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The History of Slot Machines


Walk into any casino and you will see lines and lines of slot machines being fed constantly by ardent gamers. Slots have also found their way into almost every pub, takeaway and taxi office in the UK, tempting us to give them a spin with their flashing lights and promises of big payouts. But where did slot machines come from, how did slots evolve, and why do they have such a strange range of symbols on them?



The first slot machine was invented by Sittman and Pitt in 1891. Their machine had five rotating drums with playing cards on them. Wins were paid out based on the best poker hand that could be made with the five cards. As the first game of its kind, it was very popular, but the complexity of the game, with fifty different cards and thousands of possible combinations, meant that there were just too many ways to win to allow for automatic payouts.

The slot machines that we know today were invented around 1895 by Charles Fey. He understood that simplicity was key. Fey reduced the machines to just three drums with five possible symbols, slashing the possible combinations and making it easy to make automatic payouts. It was Fey who first gave us the bell symbol, or Liberty bell as it was back then.

Over the next ten years, the slot machine was popularised by Herbert Mills, who sold them across the US in everywhere from bars to barbers to brothels. To get around gaming laws in certain states, the machines paid out fruit flavoured chewing gum as prizes, giving us the melon and cherry symbols. The ‘Bar’ symbol came a little later, as an adaptation of the Bell-Fruit Corp logo, one of the major slot machine manufacturers of the 1950s.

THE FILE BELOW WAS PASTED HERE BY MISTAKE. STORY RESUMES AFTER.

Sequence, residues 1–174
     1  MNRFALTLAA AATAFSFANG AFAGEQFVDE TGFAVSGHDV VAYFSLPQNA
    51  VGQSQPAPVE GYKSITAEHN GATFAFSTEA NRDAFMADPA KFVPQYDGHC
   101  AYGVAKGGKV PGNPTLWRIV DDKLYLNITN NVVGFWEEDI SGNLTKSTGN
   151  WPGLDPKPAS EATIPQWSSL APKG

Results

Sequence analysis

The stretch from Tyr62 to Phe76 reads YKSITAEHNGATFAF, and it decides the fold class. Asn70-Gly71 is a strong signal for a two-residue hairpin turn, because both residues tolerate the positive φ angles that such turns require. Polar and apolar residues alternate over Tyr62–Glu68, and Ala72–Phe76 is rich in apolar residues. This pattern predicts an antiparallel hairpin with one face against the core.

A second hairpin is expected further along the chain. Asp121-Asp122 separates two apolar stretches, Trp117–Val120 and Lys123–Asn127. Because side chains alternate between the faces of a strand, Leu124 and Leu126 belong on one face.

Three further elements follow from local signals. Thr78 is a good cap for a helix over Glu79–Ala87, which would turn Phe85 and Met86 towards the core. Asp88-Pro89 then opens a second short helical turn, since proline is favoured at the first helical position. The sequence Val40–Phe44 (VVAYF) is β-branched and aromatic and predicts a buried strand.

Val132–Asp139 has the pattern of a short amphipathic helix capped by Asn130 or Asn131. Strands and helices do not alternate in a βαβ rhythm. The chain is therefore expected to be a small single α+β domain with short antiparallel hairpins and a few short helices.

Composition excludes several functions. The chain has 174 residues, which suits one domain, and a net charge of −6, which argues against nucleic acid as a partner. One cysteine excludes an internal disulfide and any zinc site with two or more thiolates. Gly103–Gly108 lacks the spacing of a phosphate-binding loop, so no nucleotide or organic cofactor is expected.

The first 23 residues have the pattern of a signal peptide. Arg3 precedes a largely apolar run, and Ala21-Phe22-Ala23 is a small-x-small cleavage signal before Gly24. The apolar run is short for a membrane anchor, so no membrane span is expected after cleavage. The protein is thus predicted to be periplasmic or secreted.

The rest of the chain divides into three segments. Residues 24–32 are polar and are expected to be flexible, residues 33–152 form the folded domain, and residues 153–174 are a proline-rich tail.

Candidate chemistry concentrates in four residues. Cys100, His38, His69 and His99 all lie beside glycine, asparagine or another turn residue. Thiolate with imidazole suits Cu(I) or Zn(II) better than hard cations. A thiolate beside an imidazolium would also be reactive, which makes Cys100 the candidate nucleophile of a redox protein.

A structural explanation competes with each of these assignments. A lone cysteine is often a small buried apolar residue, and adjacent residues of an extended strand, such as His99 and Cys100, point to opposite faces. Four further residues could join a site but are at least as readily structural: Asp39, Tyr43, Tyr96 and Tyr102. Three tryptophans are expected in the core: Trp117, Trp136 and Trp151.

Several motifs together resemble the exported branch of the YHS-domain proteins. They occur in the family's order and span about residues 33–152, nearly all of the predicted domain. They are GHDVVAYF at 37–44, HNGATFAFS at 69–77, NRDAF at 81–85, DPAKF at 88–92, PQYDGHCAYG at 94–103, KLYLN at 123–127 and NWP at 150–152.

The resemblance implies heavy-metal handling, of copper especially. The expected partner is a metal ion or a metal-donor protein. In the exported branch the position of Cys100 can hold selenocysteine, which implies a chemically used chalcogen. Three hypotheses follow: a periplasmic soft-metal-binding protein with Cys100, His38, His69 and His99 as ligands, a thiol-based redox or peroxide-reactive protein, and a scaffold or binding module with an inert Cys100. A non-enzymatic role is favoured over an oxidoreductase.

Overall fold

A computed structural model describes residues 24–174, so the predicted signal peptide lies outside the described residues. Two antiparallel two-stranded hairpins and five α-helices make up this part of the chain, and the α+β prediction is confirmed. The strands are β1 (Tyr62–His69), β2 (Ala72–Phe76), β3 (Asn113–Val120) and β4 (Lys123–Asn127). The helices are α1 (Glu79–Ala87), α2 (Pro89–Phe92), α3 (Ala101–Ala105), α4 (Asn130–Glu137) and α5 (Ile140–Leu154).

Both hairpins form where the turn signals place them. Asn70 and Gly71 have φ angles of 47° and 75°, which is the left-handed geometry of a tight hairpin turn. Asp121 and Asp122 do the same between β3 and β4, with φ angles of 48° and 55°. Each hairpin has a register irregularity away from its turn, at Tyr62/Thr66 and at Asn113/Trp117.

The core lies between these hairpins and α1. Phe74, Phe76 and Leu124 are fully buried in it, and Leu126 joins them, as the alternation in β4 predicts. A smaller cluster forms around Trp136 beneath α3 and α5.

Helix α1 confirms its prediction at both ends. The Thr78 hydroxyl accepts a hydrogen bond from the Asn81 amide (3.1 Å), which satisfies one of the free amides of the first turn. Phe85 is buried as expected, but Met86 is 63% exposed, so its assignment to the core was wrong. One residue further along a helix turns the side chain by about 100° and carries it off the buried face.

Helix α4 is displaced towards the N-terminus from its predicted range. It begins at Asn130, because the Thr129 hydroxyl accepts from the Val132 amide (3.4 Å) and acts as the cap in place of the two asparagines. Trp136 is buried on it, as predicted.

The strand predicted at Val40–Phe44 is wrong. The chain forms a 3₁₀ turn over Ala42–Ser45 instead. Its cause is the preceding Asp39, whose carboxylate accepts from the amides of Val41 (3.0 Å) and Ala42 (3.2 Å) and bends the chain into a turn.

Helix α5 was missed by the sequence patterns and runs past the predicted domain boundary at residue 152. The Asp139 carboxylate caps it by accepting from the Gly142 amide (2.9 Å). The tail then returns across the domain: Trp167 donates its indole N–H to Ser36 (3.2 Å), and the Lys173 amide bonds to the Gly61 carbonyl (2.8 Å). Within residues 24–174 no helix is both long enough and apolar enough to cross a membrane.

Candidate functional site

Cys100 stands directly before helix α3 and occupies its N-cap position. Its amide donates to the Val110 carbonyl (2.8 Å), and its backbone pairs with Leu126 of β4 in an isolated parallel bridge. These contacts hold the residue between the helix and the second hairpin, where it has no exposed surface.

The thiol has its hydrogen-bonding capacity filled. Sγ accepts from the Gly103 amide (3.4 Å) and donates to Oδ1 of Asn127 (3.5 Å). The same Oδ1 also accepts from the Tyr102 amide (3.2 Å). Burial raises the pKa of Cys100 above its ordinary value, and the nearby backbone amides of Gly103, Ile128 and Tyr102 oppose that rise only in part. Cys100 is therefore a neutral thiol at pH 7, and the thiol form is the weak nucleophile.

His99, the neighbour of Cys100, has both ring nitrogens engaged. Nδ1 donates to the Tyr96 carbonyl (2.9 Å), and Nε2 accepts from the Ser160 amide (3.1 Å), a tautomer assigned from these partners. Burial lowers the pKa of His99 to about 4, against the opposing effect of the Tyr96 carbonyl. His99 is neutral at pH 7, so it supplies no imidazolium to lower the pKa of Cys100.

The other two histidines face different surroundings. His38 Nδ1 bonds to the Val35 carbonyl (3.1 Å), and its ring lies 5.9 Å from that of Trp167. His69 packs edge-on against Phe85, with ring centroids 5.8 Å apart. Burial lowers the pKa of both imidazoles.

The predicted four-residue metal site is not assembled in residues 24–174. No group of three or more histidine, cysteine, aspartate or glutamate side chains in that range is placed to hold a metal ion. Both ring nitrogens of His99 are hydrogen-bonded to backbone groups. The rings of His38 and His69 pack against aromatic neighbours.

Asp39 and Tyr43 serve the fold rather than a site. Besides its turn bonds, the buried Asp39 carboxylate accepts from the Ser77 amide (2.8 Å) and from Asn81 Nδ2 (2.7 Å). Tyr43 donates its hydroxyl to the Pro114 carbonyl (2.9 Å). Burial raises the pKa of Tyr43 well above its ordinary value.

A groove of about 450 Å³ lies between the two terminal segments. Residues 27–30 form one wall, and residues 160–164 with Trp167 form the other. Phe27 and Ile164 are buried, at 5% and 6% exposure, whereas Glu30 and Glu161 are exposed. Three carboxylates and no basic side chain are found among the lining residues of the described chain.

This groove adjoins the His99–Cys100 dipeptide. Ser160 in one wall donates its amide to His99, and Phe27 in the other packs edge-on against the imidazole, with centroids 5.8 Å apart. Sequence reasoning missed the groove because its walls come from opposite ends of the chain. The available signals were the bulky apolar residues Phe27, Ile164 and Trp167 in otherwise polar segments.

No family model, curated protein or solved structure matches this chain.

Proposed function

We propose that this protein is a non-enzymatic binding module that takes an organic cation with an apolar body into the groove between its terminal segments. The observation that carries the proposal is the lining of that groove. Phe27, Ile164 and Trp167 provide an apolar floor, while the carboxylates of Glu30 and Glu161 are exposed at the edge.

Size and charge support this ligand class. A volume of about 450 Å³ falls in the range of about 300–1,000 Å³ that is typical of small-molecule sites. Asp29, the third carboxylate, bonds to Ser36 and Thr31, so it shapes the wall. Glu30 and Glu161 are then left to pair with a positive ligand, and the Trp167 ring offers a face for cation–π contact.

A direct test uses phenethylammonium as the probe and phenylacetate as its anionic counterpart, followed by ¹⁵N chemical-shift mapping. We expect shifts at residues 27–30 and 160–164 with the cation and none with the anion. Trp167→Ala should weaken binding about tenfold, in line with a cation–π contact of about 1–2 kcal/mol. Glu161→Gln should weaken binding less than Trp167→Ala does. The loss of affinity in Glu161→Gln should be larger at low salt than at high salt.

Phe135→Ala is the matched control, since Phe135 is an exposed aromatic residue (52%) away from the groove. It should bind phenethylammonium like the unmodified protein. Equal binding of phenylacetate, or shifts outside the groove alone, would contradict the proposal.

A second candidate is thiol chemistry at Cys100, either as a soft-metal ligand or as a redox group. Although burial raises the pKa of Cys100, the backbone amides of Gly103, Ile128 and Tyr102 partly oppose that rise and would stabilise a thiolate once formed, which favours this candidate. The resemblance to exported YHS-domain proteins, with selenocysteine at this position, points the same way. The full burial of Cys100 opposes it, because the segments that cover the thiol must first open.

The design of slots, or fruit machines as they became known because of their symbols, remained largely unchanged until the early 1960s, when Bally Manufacturing brought out the first fully electronic gaming machine called the Money Honey. This was the first machine to have many of the features we take for granted today, such as holding and nudging reels. It was also the first to be started by a button instead of pulling a mechanical lever.

The first video slot machines appeared in 1976, followed by second screen games in 1996. However, despite these technological advances, many casino customers still enjoy the physical thrill of pulling the lever on a traditional machine; you are just as likely to see these ‘one armed bandits’ as you are to see hi-tech versions.



These days, of course, you can play a huge number of slot machine style games online without going anywhere near a casino or pulling a lever. These range from traditional games, which still use symbols like the cherry, melon and bell, to the very latest themed games covering everything from historic tales to tie-ins with the latest mobile phone apps.

As slot machines have moved online, traditional casinos have had to find new ways to attract players to keep their reels spinning and their profits up. One idea that has been suggested by the Gaming Control Board in Nevada, is to add an element of skill to the games, blending the popular video game culture with slot machines by rewarding players for successful acts of skill.

Whatever the future holds for slot machines, online or in casinos, one thing is for certain: there will always be players waiting with a bucket of coins, dreaming of that big jackpot.